The most recent issue of Nature contains a short article about a workshop that happened last month in Lima, Peru, hosted by Medialab Prado. "Interactivos? Lima '09" brought together engineers and artists with the hope of generating new illusions based on the most modern technologies, and the finished products did not disappoint. The installations produced during the meeting included a magic wand that could change the shape of a person's shadow, a box that transformed a person's arm into the leg of a lion, and a telekinetic spoon that was moved by a hidden theremin (fast-forward to the 3:50 mark in the following video to see a demo of the spoon in action).
This conference was appropriate, as magicians have always been among the first to learn about and exploit new technologies. Famously, Robert-Houdin, the oft-labeled "father of modern magic," used electromagnetism even before scientists had developed applications for it. He used it in an illusion called the "Light and Heavy Chest." From magicexhibit.org:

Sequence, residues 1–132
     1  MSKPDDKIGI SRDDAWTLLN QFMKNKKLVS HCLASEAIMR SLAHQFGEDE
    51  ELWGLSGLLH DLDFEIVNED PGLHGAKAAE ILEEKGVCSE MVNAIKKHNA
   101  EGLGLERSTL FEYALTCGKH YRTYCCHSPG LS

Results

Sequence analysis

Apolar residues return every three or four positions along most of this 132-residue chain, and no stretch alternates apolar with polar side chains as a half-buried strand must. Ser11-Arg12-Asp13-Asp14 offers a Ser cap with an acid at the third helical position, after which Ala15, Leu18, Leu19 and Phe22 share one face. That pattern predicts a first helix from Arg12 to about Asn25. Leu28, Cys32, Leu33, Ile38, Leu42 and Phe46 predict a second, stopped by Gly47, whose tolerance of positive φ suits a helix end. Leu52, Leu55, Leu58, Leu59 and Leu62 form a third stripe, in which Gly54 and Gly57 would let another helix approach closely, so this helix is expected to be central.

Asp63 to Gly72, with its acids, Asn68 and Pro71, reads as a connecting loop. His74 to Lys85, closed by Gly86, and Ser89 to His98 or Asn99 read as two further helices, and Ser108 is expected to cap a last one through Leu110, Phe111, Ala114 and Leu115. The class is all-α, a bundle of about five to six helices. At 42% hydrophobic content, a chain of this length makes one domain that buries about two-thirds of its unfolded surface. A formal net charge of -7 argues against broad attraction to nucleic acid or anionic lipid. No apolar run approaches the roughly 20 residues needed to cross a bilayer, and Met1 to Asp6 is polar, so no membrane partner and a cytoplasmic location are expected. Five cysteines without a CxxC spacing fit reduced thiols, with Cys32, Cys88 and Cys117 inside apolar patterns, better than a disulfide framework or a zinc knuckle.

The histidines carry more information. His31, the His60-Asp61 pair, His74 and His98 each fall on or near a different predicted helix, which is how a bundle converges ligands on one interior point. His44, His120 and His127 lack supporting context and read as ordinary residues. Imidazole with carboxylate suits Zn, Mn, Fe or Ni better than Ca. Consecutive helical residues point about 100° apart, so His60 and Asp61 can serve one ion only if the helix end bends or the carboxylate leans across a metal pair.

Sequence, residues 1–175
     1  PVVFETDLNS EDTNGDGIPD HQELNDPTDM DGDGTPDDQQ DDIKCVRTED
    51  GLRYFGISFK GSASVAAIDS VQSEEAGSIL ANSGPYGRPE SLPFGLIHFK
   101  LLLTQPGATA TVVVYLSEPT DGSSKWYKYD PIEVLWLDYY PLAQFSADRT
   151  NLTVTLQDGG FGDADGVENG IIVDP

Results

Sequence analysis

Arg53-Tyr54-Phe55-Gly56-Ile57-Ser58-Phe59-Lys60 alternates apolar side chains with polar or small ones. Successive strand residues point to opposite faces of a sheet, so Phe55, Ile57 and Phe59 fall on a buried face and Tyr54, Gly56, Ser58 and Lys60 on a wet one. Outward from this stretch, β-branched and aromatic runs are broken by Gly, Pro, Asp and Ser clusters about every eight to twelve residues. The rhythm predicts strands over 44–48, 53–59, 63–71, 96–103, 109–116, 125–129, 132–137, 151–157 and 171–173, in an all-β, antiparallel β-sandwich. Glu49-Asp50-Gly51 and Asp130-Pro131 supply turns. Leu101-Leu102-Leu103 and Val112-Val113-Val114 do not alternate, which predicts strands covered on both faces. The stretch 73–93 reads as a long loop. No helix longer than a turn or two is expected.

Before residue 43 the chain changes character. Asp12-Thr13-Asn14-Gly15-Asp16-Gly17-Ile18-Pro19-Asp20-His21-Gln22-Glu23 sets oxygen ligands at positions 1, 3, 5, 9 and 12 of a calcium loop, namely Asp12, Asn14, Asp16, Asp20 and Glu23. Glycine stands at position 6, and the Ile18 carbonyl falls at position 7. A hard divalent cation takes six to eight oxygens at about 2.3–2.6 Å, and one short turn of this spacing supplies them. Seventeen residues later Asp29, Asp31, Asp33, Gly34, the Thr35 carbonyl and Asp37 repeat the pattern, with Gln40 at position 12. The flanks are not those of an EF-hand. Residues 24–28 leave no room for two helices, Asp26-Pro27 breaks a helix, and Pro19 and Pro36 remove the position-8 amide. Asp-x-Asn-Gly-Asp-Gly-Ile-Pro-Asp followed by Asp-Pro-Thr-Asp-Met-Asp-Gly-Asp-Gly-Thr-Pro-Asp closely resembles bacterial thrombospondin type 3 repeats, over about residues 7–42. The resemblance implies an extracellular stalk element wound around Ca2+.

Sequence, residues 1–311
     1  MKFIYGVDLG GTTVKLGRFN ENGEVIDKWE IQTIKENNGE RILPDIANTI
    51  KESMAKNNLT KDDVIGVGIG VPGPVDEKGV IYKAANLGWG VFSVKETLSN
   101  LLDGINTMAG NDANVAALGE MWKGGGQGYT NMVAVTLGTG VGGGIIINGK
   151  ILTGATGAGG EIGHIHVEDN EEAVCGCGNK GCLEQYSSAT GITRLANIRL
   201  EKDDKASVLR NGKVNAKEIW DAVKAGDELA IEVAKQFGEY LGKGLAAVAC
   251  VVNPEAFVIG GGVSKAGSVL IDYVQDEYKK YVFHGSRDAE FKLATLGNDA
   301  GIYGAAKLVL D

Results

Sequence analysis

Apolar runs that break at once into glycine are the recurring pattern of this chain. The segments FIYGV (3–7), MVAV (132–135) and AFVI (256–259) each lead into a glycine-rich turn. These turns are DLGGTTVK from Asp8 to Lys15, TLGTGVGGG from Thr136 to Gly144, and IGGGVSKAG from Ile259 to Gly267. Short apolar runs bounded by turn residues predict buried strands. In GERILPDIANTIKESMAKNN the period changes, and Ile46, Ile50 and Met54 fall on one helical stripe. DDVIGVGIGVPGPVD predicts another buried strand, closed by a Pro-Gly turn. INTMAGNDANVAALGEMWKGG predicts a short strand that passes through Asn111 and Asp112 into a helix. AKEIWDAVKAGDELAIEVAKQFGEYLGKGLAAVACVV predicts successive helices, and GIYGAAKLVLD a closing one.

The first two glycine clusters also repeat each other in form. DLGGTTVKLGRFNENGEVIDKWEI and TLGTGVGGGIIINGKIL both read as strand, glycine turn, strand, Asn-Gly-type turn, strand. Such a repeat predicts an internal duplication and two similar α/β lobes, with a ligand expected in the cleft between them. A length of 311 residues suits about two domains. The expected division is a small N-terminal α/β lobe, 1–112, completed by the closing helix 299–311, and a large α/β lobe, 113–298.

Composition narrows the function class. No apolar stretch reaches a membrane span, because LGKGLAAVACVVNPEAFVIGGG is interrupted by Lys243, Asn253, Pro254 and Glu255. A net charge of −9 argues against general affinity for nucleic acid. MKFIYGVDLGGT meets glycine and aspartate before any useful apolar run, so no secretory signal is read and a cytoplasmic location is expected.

He invited a spectator on stage to lift the small wooden box he said he kept to store his money. His volunteer always did this easily. Then the magician commanded the box to stay where it was, so it could not be stolen. No matter how hard the volunteer tried after that, he couldn't move it.
Hidden inside the wooden chest was a metal plate, and an electromagnet sat under the stage. When his assistant turned on the magnet, the strong attraction made it impossible to move the chest. Robert-Houdin wrote in his autobiography that at this time "the phenomena of electromagnetism were wholly unknown to the general public. I took very good care not to enlighten my audience as to this marvel of science."
It's even rumored that Robert-Houdin used this effect to prevent a war in Algeria.